1. Is that the explanation? Thank you, Kay! I must tell RJ because we were both wondering what the holes were for. Congratulations - you were able to leave a comment, yay :-D

  6. Mella, das Feine daran ist ja, dass man gar keinen Speck oder Schinken nehmen muss und es trotzdem lecker schmeckt :-)

    Jane and Lance, it was indeed delicious, and I was quite happy with my first quiche in years. I suppose I shall make that more often now.

    SP, healthy... hmm, not so sure, what with all the eggs and margarine and cream :-) But nourishing for sure!

    Yes, Julie, I added a handful of seeds, they sell that as a mixture specifically for salads here, sunflower and pumpkin seeds as well as pine nuts. We usually drink only water with all our meals, and very occasionally have some home-made liqueur (raspberry, for instance) from my mum for dessert; we are both not that much into wine.
    Enjoy your crab and shallot quiche!

  7. Looks delicious! I wish it were on my dinner table right now! The first time I had "QL" was in college - I though I was so worldly! LOL!!!

    Enjoy the rest of the week!

  8. Yummy! Don't suppose you left me any? :-)

  9. I've never made a quiche but I'm interested in the explanation for the holes. I always thought it was to stop the base going soggy linked with ensuring that there are holes in a pie topping to let steam escape.

  10. It was as delicious as it looks, Mary! You too have a great rest of the week :-)

    Diane, I'm afraid to say that the bit that was left I ate on Monday night...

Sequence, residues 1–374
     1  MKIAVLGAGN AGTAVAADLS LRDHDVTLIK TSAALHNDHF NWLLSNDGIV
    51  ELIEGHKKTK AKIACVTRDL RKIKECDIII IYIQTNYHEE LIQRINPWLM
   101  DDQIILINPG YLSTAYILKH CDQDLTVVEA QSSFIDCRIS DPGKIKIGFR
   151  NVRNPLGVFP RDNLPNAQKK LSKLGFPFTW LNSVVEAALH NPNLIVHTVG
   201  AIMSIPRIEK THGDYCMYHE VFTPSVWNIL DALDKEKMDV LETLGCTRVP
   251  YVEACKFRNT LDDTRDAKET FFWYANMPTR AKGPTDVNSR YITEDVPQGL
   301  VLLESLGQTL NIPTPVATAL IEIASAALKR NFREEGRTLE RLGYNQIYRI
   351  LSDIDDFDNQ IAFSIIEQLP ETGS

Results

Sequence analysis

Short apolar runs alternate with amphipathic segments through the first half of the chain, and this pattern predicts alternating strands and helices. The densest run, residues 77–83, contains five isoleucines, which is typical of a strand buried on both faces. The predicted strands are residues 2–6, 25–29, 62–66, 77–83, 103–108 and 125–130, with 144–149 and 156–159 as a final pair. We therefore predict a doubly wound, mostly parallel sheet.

GB, Kay wrote the explanation in her comment a bit further up the list. How a few tiny holes would stop the base from going soggy is beyond me - the dough in itself is greasy enough to make sure of that, different to some fruit pies and cakes.

  11. Mmmmm. I am envious of RJ. He must be gaining weight.

  12. Lovely! I love quiche and we eat it almost ever week. My husband puts tempeh in it which actually gives it a nutty flavor I adore.

  13. Mark, he has indeed been steadily gaining over the past year, but that was none of my doing - on the contrary, whenever he is here, he eats a lot less than when he is on his own.

    What is tempeh, Sonia? I have never heard of it, but nutty flavour sounds nice!

  14. It looks wonderful. I make mine in s cake (sandwich) tin, so that it's really deep and there's not quite so much pasty in proportin to filling.

    By the way, is your blog now a cookery column? and if so, Id' love a recipe for a really yummy German cake!

  15. I love quiches. They are a really good versatile dish for any occasion. Happy to say I can access your comments box again (I was locked out for a while) and mine is up and running again. Hurray!

  16. Yes, Frances, depending on the size of the tin you'd get a much higher quiche than mine, but that's the only round baking tin I have now.

    My blog will always be a mixture of everything I find in my mental library, from recipes to moonlight pictures to general musings to book reviews to travel reports to... well, you get the idea :-)
    I very rarely do bake, and every time I have done so in the past year, I have posted the recipe on here. Maybe I should start sorting my blog into sections.

    Maggie, yes, seems like the comments problem is solved - I am now able to read and write comments again no matter what browser I use.

  17. Looks delicious.

    I love the walks in the fall, too. They make me feel so happy to be alive.

    1. Thank you, Margie! It was indeed delicious.

      Yes, such nice long walks do a lot to keep me happy.